EDMONTON – The Edmonton Public School Board is asking the province to phase out public funding for private schools in Alberta.
In a motion passed at a meeting Tuesday afternoon, the Board of Trustees decided to send a letter to Education Minister David Eggen urging him to phase out the public subsidy to private schools and reinvest the money in public education.
“I don’t want to see any of our tax dollars go to this choice,” trustee Michael Janz said.
“Last year, the Alberta government allocated over $200 million in public tax dollars to private schools in a per student allocation,” read the motion passed by the board. “Until this public subsidy was established, parents used to have to pay the full freight of tuition if they chose to opt out of the public system for a private school.
There are approximately 100 accredited, funded private schools in Alberta. Alberta’s Ministry of Education said through the most recent budget, funding is projected to reach $155 million in the 2016-17 school year. That number does not include private early childhood services providers.
“While we acknowledge that private schools have a right to exist, we do not believe they have a right to a public subsidy. If a parent wants to choose a different program or educational journey, or even a boarding school, that is their right to choose and pay for themselves,” read the motion passed by the EPSB.
The EPSB is also asking Eggen to incorporate charter schools into public school boards. There are 13 charter schools in Alberta: three in Edmonton, one southwest of Stony Plain, one in Sherwood Park, and eight in southern Alberta. Funding for charter schools is projected to reach $86 million in the next school year.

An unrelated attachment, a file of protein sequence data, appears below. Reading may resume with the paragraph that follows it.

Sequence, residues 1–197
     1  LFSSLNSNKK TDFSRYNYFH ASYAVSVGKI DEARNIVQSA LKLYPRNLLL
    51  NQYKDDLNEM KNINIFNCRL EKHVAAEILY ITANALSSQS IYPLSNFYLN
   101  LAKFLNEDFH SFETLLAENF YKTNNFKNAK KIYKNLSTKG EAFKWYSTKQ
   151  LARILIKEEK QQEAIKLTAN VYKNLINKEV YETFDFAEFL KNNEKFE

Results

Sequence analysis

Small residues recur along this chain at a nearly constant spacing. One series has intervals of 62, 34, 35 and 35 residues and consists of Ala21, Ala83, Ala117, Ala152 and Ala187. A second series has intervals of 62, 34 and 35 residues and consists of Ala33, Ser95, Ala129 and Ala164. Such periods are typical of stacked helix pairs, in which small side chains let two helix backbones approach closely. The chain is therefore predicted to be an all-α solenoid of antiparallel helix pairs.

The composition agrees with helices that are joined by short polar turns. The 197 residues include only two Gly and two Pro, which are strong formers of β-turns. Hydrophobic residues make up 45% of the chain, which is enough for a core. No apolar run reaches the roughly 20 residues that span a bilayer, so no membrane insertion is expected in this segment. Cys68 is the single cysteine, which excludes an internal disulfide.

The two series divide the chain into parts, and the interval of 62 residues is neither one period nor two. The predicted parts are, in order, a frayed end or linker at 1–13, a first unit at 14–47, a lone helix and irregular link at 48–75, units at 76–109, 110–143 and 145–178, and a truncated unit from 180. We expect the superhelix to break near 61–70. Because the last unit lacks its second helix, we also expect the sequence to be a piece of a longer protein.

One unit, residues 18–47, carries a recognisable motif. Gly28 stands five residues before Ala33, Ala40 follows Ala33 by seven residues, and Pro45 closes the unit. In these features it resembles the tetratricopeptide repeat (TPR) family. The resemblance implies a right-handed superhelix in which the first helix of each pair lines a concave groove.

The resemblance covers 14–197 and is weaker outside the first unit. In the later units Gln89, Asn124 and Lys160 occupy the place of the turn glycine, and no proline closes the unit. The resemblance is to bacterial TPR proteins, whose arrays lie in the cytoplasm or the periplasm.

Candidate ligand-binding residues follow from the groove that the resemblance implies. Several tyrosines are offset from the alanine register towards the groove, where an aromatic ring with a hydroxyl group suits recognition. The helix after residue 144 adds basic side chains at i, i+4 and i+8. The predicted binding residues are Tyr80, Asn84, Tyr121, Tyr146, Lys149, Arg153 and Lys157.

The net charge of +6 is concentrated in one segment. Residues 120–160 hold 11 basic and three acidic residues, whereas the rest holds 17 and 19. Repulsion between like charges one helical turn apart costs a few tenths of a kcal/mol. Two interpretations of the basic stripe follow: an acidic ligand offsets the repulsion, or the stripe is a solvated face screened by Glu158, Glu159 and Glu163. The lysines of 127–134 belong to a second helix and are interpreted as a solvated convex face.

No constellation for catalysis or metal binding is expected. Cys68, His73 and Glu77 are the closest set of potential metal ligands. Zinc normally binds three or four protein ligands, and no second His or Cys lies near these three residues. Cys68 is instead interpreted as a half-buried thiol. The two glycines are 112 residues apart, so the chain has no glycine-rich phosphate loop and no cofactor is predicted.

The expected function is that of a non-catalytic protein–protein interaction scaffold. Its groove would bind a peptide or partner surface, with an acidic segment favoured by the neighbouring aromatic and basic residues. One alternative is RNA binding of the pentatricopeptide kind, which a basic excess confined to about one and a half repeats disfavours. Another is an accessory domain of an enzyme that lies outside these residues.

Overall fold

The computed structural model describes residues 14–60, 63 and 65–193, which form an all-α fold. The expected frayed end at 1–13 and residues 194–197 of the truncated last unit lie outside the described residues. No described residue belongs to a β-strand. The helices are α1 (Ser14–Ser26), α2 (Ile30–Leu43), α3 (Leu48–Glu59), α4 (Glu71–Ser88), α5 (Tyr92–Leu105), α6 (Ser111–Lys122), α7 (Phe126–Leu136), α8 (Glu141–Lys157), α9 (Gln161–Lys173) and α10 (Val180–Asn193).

A recent survey commissioned by Progress Alberta showed 61 per cent of respondents do not support public money going toward private schools. When asked if they support public funds going toward charter schools, 47 per cent of respondents said no.
“We think that we should be phasing out private schools, that we should be absorbing charter schools back into the public system,” Duncan Kinney with Progress Alberta said.
Private schools get about 60 per cent of their operating budget from the province, but no capital money.
In an interview with Global News on Monday, Eggen said alternative school systems still have a place in Alberta.
“We need all the capacity we have in Alberta for high-quality education. Enrolment is going up dramatically,” Eggen said.
“I’m trying to get the capacity I need to educate our growing enrolment and to ensure that alternative schools are providing some unique contribution to our school system.”
Eggen maintained funding for private and charter schools wasn’t cut in the province’s most recent budget and that he has no plans to cut funding in the future.
Watch below: Survey shows 61% of Albertans don’t support public money for private schools
The EPSB’s letter will be sent to Eggen by May 6.
With files from Tony Tighe and Quinn Ohler, Global News.